In Reply to: Motor Neuron Disease posted by CCF MD mdf on May 26, 1998 at 12:31:39:
: My father was recently diagnosed with Motor Neuron Disease by the Neurology Dept at the University of Michigan in Ann Arbor. The neurologist explained that his condition was distinct from "ALS". He also stated that the form of MND he has, which has been slowly progressing from his feet to legs, is the slowest progressing form. I have done extensive reading on the internet about Motor Neuron Disease but none of what I read distinguishes it from ALS. Can you inform me of the significant differences between MDN of this sort and ALS. I am also interested in the prognosis.
:Typo in original message should be "MND" not "MDN"
Motor neuron disease refers to selective loss of neurons which are either in the primary motor area of the cerebral cortex (so-called "upper motor neurons") or the alpha motor neurons located at each segment of the spinal cord, whose fibers make up nerves which go to muscles (so-called "lower motor neuron"). There is no loss of sensory neurons, and many parts of the brain and spinal cord which are not strictly "motor" are unaffected.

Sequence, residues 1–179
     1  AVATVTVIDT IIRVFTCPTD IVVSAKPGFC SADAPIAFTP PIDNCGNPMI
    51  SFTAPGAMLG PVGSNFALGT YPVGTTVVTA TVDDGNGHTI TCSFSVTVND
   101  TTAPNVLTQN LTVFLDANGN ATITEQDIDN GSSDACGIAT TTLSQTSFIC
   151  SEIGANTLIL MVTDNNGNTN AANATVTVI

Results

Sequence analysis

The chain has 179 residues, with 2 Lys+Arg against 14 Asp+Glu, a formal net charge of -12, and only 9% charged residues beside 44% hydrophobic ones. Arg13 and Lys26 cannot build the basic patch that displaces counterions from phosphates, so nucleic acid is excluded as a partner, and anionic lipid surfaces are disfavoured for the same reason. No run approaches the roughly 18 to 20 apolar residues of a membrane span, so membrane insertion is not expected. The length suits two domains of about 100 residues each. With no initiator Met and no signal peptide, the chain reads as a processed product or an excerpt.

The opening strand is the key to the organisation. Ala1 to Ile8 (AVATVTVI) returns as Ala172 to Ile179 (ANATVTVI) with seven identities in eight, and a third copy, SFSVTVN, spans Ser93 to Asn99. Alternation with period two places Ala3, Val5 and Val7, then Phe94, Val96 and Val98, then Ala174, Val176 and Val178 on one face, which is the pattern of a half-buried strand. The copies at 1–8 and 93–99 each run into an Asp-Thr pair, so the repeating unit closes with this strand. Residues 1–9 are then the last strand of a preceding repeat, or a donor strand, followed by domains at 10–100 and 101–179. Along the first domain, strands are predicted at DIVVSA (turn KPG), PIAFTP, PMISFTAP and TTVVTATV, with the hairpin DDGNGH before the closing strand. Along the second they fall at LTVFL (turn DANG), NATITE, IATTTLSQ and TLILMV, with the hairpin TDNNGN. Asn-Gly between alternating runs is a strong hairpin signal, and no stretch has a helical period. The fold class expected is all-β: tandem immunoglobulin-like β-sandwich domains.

ALS (amyotrophic lateral sclerosis) is a combination of upper and lower motor neuron degeneration.
PLS (primary lateral sclerosis) is predominantly upper motor neuron, typically progressing more slowly.
PMA (progressive muscular atrophy) is predominantly lower motor neuron.
There are variations and other diseases included in the category of motor neuron disease. For example, polio is an infectious (viral) disease which affects primarily lower motor neurons. Some hereditary diseases such as spinomuscular atrophy or spinobulbar muscular atrophy are in this group.
I hope this information helps direct your search for more about motor neuron disease, and enhances your understanding of your father's diagnosis. CCF MD mdf.
THANK YOU FOR THE INFORMATION. THIS GREATLY CLARIFIES IT FOR ME. H. HERPEL
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